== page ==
Yes, it was all fun and frolics!

In this light, and listening almost thirty years later, the resulting vinyl seems weirdly commonsensical, slightly frigid (that’s speed for you I suppose). But it does have blood and bones and enough emotional jolts and poetic suss.

There’s some small sparks of beauty and genuineness, and perhaps a few little blazes of spectacularity to boot. Even if I do say so myself…

Unsurprisingly, the band split shortly after the album was released. The magic was elsewhere, but some of it remains here, in this vinyl, too.


Mint copies of the Pretty Funny Thing album are available directly from Richard Cabut. £3.99 each plus 3.75 postage. Orders from outside the UK, please contact for postage rates.

Paypal is good – payable to

Richard is also contactable via twitter @richardcabut


Q: Could you tell about the bands with which Brigandage made the “scene” in the early 80’s? How did you all feel about the situation around punk at the time?

Richard Cabut: I liked the punk scene in the early 80s. I liked it in the mid Seventies, too. The late 70s, though, were like the third Monday in January, officially recognized by the medical profession as the day on which more UK citizens wake up depressed than any other. The reality of another grinding year kicks in, the horror of the Christmas credit card bill bites, and the misery of another rain dashed day dawns. It was like that.

But the early 80s were another punk Spring. Punk at that time became a way of life for an increasingly large and motivated group of people. Moreover, folk were, to paraphrase Malcolm McLaren, creating an environment in which they could truthfully run wild. We were making scenes that took people away from the confines of school and work. Instead of just listening to records in isolation and going to the odd gig, people were having life adventures.

Obviously, Brigandage and positive punk inherit a lot from the anarcho punk scene and shares a lot with the Batcave scene. But positive punks didn’t do much drugs and alcohol whilst, for example, we can read about Crass’ Autonomy Centre that “the place quite rapidly became a drug haven where the majority of people would just get pissed, stoned or worse” and on the other hand, contradictory to anarcho bands, you did cared about the image, but seems not to the extent of creating your gigs “glamorous art-house events” as Andi Sex Gang described the Batcave gigs.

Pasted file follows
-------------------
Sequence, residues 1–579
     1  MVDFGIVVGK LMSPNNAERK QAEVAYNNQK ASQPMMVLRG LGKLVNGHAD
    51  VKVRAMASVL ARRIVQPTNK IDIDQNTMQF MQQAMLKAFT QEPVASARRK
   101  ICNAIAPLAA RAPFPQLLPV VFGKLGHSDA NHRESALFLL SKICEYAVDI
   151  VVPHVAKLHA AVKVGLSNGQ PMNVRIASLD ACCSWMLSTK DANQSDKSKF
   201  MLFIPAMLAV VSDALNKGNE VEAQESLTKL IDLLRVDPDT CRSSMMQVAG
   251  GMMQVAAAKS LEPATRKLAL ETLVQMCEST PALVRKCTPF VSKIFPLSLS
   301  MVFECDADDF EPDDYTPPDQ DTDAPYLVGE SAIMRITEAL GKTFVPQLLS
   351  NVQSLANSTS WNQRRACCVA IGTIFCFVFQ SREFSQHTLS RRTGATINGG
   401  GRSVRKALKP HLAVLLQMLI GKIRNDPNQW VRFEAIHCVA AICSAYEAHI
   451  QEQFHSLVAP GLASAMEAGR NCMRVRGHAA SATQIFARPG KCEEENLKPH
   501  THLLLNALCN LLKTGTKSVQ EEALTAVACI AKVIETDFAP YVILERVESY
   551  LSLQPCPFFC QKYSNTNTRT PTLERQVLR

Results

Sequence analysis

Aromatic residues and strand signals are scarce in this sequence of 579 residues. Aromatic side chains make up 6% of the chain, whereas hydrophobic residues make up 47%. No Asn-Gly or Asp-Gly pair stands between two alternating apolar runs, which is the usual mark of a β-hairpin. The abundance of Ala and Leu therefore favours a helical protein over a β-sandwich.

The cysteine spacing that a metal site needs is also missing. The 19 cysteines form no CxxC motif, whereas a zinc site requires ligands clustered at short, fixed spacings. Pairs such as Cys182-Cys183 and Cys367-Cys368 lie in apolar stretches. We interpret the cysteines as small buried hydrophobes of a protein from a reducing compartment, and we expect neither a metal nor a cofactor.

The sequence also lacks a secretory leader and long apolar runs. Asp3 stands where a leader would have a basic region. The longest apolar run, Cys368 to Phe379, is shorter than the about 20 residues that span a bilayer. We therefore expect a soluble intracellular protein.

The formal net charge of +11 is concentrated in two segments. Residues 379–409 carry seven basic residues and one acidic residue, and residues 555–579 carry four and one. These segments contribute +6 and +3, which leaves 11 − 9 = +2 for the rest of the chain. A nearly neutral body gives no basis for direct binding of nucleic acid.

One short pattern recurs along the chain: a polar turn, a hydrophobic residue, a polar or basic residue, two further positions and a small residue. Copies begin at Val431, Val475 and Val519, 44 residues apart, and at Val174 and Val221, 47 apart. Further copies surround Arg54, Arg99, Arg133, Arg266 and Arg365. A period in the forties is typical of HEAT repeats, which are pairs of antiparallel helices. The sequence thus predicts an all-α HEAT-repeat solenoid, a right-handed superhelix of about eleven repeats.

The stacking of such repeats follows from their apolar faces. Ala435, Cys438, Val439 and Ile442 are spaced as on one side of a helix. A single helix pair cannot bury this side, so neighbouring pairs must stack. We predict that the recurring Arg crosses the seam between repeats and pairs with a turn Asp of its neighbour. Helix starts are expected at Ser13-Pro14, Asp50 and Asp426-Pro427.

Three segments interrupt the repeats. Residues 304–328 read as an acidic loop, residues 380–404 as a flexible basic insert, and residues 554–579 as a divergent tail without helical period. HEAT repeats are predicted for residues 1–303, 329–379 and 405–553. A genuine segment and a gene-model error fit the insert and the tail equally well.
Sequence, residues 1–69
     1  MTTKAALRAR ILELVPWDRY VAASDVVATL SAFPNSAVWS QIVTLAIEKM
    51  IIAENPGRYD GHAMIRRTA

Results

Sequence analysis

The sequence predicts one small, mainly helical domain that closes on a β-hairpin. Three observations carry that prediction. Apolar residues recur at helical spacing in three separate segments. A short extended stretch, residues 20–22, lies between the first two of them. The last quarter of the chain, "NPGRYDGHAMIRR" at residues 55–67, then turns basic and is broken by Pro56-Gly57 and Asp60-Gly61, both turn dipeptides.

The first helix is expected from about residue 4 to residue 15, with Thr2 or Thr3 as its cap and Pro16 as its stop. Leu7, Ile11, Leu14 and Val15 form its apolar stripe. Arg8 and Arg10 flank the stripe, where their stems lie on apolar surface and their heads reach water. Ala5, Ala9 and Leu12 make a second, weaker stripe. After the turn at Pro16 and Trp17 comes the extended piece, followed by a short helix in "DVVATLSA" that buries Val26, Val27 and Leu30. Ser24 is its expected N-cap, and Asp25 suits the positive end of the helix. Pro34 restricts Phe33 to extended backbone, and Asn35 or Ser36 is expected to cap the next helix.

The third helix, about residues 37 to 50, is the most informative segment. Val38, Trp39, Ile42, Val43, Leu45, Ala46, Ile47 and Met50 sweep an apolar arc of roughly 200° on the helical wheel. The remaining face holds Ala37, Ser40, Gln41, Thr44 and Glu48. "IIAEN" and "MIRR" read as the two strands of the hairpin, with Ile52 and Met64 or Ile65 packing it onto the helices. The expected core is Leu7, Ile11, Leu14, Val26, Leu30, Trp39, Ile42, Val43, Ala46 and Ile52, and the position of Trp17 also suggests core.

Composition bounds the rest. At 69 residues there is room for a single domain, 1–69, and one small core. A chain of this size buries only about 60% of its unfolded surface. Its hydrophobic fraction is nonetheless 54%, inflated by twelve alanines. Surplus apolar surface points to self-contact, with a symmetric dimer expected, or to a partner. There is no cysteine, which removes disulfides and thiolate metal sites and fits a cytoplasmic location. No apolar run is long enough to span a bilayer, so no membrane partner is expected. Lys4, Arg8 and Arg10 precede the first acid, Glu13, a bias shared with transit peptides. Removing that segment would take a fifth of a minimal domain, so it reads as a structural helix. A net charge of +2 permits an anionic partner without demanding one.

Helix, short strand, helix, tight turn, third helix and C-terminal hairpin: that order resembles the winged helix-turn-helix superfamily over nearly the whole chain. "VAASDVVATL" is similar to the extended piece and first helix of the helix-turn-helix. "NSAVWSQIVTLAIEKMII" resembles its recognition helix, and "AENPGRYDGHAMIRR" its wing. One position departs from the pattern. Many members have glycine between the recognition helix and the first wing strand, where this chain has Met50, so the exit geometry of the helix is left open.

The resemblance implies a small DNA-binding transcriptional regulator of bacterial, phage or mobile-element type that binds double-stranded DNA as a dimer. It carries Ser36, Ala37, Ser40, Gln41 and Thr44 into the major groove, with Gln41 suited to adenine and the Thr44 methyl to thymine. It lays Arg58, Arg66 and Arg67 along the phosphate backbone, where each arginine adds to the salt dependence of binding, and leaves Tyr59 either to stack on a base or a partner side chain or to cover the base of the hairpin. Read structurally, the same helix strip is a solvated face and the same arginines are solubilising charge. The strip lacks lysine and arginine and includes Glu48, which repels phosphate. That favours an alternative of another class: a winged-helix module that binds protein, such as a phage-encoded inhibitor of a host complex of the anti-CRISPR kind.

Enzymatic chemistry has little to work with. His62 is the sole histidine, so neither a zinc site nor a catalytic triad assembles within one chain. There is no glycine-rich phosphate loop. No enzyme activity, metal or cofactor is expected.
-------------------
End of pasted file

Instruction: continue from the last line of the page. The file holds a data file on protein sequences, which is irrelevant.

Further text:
Q: So what ideas you shared with anarcho and gothic scenes, and what ideas made you different to them?

Richard Cabut: Funnily, and from an objective viewpoint, the original Brigandage (before I joined), seemed to offer an instant nostalgia. Their musical references harked back only four or five years to the rot ‘n’ roll of the Pistols. Stylistically, the focus was Johnny Rotten and other 76ers – check drummer Ben Addison (later Boys Wonder and Corduroy) on the NME Positive Punk front cover for instance. A great look. I suppose Brigandage appealed to those punks who wanted a link to a mythologized recent past, and a sense of authenticity. Also some sort of purity, panache and bravura in terms of their punk culture. I was a fan, but it was a very niche audience.

Q: Even though Brigandage is quiet now, it seems to be the longest living positive punk bands. 1983 saw the end of UK Decay, Southern Death Cult, Blood & Roses and The Mob. By 1984 there was no original Sex Gang Children any more. Brigandage (though in varying line-ups) survived until 1986 so it’s extremely interesting to hear your thoughts about positive punk whether it died by 1984 or survived and evolved (and may be still does well nowadays?).

Richard Cabut: Well, I wrote the Positive Punk article for the NME in January / February 1983. At that time there were three distinct groupings in the punk scene. The Oi-sters and Herberts, who were basic and gumby-ish punk music, fashion and behaviour. The anarchos, who were like a mass of black, in terms of clothes and demeanor. And then you had a loose, nameless collection of punks and former punks who were colourful, and full of, it seemed, vim, dash and go-ahead spirit. These folk tended to go to see roughly the same bands and attended the same sort of clubs. I wrote about many of the bands and places, ranging from the Batcave and the Specimen, to the Mob (who were sort of anarcho-plus).

It was obvious that something was going on, and the NME asked me to write a piece about it. Originally, I didn’t use the name ‘positive punk’, or any umbrella term. But the paper needed an easy hook to snag readers. Positivity, I suggested when asked, was a common denominator, so hey presto… a little alliteration goes a long way. Of course, Positive Punk was a disaster. As soon as something is named, people have a target to attack. Also, factions within the scene quickly appeared.

The style magazine The Face, for instance, did a Positive Punk piece, but the Sex Gang Children refused to become involved – because they couldn’t control it. Their noses had been put out of joint. The big wigs in the scene, your Sex Gangs and Southern Death Cults, had suddenly been usurped, or so they thought, by upstarts like Brigandage and Blood and Roses.